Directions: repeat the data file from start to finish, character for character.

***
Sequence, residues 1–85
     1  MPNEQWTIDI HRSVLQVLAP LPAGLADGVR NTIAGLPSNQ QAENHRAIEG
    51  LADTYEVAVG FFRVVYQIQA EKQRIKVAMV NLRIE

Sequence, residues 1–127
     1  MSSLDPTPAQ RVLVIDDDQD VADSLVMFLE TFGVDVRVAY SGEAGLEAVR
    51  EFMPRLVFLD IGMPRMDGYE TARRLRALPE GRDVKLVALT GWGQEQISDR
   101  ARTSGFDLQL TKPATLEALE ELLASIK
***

Sequence, residues 1–85
     1  MPNEQWTIDI HRSVLQVLAP LPAGLADGVR NTIAGLPSNQ QAENHRAIEG
    51  LADTYEVAVG FFRVVYQIQA EKQRIKVAMV NLRIE

Sequence, residues 1–127
     1  MSSLDPTPAQ RVLVIDDDQD VADSLVMFLE TFGVDVRVAY SGEAGLEAVR
    51  EFMPRLVFLD IGMPRMDGYE TARRLRALPE GRDVKLVALT GWGQEQISDR
   101  ARTSGFDLQL TKPATLEALE ELLASIK